In the end, this will likely amount to nothing. There are show trials and show indictments. What happened Friday appears to be the latter, especially since there will never be a trial. But there sure will be a lot of campaign commercials.

In part from article by Derek Hunter
Yesterdays Answer
Posted:Jul 14, 2018 3:48 am
Last Updated:Jul 14, 2018 3:50 am

Thomas Edison

Thomas Alva Edison began his working life selling newspapers on the Grand Trunk Railroad as a way to fund his scientific experiments. He eventually found work as a telegraph operator all over the Central Western United States, and favored the night shift as it gave him the chance to conduct his experiments during his free time in between messages. He was known for being more engrossed in his science experiments than in his job - one manager described him as always having his nose buried in a copy of "Scientific American", and he would take time off from work to purchase chemicals for his experiments, and leave forgotten wires and jars in his wake. His constant moonlighting got him into trouble on at least one occasion, when a mishap cost him his job at the Associated Press Bureau in Louisville. As he recalled years later, "I went one night into the battery-room to obtain some sulfuric acid for experimenting. The carboy tipped over, the acid ran out, went through to the manager's room below, and ate up his desk and all the carpet. The next morning I was summoned before him, and told that what the company wanted was operators, not experimenters. I was at liberty to take my pay and get out."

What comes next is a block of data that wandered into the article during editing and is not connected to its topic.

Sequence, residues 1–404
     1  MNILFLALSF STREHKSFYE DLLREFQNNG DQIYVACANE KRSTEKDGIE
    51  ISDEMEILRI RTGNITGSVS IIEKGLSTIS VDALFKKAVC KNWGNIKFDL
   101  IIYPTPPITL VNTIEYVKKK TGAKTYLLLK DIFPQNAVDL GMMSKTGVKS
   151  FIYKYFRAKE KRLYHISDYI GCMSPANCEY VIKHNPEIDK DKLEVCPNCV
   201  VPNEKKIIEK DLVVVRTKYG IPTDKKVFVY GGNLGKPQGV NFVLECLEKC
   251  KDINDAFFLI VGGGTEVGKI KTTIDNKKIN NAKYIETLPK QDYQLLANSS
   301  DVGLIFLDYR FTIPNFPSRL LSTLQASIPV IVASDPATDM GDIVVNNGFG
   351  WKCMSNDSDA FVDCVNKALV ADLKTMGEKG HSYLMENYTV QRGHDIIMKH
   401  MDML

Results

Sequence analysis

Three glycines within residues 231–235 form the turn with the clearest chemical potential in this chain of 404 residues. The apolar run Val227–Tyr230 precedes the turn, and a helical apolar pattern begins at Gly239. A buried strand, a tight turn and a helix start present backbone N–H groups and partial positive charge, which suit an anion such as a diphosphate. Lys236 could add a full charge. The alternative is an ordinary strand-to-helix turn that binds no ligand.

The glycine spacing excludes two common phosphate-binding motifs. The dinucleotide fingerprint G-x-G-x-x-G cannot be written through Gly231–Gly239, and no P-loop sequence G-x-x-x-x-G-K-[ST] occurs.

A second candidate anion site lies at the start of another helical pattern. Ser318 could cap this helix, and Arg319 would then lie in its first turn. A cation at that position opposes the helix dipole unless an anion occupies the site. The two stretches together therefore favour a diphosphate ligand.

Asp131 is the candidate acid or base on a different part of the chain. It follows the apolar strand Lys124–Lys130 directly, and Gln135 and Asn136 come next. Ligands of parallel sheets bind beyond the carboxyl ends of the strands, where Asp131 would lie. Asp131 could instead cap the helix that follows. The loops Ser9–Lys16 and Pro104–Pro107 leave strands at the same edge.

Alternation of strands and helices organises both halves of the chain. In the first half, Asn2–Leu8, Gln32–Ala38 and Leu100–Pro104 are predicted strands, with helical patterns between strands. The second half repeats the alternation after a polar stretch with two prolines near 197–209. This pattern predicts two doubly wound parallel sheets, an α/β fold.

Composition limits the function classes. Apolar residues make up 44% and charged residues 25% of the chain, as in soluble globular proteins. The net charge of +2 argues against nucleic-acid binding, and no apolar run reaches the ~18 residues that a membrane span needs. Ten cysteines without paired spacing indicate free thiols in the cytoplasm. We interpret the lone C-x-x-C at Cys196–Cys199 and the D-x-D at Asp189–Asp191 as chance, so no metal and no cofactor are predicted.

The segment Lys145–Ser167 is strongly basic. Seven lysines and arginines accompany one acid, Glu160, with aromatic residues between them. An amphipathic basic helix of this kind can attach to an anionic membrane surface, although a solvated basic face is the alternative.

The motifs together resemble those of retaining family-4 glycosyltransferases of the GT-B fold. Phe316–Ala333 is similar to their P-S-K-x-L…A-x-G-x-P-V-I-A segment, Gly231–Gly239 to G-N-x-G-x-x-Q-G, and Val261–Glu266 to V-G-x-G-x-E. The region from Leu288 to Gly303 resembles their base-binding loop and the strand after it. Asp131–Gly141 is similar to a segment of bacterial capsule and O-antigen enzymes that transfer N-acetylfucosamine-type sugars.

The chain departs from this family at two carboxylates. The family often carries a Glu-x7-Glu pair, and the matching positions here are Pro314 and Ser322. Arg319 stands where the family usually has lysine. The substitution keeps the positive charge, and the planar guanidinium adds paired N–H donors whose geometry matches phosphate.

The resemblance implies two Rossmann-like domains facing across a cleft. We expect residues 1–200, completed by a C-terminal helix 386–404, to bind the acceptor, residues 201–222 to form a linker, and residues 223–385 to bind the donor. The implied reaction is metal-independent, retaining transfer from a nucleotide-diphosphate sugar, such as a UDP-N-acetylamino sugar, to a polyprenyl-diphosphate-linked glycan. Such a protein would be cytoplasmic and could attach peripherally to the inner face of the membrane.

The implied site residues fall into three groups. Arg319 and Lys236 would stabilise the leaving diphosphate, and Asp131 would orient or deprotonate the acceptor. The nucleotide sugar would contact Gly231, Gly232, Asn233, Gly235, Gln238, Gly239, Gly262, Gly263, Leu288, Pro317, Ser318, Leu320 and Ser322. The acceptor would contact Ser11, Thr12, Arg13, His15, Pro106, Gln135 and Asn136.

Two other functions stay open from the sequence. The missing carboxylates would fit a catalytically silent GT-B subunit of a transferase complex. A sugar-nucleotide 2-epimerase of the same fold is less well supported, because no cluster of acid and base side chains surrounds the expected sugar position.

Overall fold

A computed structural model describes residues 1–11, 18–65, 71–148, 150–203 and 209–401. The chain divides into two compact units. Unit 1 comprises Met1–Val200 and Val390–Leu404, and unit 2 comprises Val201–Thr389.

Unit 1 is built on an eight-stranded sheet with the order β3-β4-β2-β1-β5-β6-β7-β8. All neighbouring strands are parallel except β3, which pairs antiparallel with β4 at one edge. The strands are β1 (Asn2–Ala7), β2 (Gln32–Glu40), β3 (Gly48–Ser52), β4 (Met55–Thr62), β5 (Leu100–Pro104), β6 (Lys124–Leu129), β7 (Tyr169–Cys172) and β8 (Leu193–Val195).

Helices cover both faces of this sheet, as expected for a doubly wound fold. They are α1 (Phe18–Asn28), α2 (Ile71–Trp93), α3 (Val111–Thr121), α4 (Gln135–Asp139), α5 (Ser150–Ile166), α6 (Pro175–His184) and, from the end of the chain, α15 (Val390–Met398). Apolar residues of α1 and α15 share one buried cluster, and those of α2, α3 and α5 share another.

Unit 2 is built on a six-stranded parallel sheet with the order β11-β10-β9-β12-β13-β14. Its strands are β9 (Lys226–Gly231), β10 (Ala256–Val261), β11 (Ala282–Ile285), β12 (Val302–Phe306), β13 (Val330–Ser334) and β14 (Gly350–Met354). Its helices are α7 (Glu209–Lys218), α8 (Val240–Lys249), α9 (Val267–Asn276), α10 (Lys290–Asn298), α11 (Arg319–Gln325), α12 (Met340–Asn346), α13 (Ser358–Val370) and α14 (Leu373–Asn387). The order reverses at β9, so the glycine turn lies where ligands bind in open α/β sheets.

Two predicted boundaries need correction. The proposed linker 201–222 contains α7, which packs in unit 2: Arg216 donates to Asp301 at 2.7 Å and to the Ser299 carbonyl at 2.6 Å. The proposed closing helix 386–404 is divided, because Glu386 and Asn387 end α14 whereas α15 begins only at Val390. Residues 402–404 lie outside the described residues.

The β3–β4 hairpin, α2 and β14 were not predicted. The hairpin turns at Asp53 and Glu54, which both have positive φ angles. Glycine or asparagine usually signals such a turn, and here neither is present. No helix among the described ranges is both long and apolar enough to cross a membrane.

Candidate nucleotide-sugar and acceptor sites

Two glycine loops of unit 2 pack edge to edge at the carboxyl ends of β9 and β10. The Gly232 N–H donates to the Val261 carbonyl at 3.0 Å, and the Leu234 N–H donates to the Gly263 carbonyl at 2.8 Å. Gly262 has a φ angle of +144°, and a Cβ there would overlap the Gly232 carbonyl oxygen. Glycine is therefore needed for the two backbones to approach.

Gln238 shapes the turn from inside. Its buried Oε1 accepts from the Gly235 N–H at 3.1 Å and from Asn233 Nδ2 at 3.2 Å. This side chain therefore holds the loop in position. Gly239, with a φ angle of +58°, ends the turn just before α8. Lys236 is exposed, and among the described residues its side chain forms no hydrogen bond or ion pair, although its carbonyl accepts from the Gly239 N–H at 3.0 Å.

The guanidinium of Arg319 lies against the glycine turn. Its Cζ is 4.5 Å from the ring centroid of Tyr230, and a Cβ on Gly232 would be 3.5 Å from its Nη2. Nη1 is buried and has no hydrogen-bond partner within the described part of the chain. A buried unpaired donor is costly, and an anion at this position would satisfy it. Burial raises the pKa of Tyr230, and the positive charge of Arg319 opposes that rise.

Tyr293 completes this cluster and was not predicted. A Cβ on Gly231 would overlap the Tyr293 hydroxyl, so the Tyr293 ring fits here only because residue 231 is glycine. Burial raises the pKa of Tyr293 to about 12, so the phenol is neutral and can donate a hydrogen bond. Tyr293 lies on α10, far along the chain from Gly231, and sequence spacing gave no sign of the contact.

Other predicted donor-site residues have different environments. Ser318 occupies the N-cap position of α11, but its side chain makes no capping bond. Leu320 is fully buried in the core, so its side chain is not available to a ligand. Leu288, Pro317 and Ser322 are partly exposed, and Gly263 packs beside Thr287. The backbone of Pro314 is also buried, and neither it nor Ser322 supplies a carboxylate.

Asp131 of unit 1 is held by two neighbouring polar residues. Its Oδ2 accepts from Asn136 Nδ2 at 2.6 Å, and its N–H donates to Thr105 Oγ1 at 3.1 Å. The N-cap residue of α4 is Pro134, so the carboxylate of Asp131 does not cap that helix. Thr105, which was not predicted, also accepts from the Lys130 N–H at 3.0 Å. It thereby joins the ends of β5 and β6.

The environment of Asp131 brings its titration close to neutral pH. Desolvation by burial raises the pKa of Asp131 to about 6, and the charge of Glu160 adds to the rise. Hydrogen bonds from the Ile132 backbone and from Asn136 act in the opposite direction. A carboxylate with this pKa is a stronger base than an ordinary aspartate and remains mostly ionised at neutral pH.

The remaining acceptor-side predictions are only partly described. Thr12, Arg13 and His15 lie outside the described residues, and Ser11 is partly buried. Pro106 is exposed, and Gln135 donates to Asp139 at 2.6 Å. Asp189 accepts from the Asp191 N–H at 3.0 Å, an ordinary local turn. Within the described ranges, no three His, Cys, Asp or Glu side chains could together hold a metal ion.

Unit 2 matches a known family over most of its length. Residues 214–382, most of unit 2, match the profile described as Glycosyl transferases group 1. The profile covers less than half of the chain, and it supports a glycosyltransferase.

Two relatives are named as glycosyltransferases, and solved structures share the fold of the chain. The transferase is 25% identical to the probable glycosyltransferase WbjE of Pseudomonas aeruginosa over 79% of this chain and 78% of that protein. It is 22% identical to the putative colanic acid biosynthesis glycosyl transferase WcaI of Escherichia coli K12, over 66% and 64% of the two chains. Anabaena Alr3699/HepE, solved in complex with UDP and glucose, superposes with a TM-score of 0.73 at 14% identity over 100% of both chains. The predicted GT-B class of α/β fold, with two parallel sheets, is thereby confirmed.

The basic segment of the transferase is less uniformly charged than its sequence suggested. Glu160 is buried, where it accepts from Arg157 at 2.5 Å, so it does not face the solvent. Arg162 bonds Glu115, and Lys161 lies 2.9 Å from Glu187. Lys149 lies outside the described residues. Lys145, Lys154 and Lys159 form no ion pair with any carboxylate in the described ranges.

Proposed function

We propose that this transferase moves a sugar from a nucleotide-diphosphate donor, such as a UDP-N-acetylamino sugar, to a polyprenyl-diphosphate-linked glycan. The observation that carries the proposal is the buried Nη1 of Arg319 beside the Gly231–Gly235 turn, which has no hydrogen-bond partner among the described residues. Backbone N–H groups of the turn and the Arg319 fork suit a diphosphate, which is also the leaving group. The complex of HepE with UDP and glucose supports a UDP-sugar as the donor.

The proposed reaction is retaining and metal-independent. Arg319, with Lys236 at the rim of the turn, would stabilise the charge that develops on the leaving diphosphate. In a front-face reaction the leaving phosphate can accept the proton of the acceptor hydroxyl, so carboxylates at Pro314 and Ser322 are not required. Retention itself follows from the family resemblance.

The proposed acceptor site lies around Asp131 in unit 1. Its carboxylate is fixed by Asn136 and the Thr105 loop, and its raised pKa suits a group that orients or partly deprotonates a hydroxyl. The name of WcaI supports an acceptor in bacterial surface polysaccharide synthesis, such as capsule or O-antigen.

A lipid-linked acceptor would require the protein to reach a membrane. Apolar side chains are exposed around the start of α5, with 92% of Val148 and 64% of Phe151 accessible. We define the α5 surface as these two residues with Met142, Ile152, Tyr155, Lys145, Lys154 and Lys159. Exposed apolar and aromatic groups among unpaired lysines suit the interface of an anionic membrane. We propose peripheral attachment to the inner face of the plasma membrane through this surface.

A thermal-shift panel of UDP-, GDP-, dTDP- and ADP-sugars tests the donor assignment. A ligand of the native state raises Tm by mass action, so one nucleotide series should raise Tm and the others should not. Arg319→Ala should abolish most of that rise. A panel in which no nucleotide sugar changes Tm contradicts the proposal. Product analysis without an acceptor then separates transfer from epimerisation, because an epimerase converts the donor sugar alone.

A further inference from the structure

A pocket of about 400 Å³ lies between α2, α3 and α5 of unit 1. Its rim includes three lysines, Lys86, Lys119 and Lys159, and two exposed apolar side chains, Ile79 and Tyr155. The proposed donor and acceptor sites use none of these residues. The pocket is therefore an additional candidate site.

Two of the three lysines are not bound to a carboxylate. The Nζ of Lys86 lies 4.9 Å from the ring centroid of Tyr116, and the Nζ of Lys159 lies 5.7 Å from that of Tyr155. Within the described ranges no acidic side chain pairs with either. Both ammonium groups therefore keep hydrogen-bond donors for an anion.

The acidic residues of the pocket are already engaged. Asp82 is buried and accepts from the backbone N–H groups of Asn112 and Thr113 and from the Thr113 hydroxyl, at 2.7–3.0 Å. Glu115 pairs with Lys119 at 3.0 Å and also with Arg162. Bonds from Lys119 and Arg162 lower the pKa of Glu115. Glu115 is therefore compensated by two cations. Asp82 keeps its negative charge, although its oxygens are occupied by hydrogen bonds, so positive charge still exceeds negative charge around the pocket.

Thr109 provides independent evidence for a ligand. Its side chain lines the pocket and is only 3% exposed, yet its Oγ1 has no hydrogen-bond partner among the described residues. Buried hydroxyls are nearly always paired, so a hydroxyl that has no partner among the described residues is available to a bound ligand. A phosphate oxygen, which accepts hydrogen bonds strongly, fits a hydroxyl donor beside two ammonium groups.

Edison eventually left telegraphy entirely and established a laboratory in Menlo Park, New Jersey to devote all of his time to his inventions. His efforts in developing an inexpensive way to mass produce light bulbs led to the formation of the Edison Electric Light Company, which was the predecessor to the General Electric Company. Edison famously registered over a thousand patents in his lifetime, and was inducted into the National Inventors Hall of Fame in 1973 for his work on electric lighting, motion pictures, and the phonograph.
1 comment
Hypocrisy On Display
Posted:Jul 13, 2018 9:56 am
Last Updated:Jul 15, 2018 8:09 am

If a person stands against
a Judge simply because
the Judge supports the
Constitution as written,
then the person undeniably
stand against the Constitution
as written.

Democratic member of Congress
Didn't you swear an oath to
defend the Constitution?
Todays Americana Question
Posted:Jul 13, 2018 5:25 am
Last Updated:Jul 14, 2018 3:47 am

He was working as a telegraph operator in Louisville, Kentucky in 1867, but his main focus was his experiments. He spilled some acid in the battery room which ate through the floor and damaged his manager's office below, and the next day he got a pink slip. He went on to become a well-known inventor and founded several successful businesses, including the General Electric Company. Who is he?
Alfred Nobel
Nikola Tesla
Henry Ford
Thomas Edison
I don't know
1 comment , 9 votes
Yesterdays Answer
Posted:Jul 13, 2018 5:22 am
Last Updated:Jul 13, 2018 5:22 am

Harry Truman

Franklin Delano Roosevelt died less than three months into his fourth term as U.S. Presidents; Harry Truman took over and served the remainder, followed by another full term.
1 comment
Todays Americana Question
Posted:Jul 12, 2018 4:04 am
Last Updated:Jul 13, 2018 5:21 am

Of the Presidents who served more than 4 years, but less than 2 full terms.

Which one served served the longest: 7 years, 9 months, 8 days?
Harry Truman
Abraham Lincoln
William McKinley
Richard Nixon
I don't know
2 Comments , 6 votes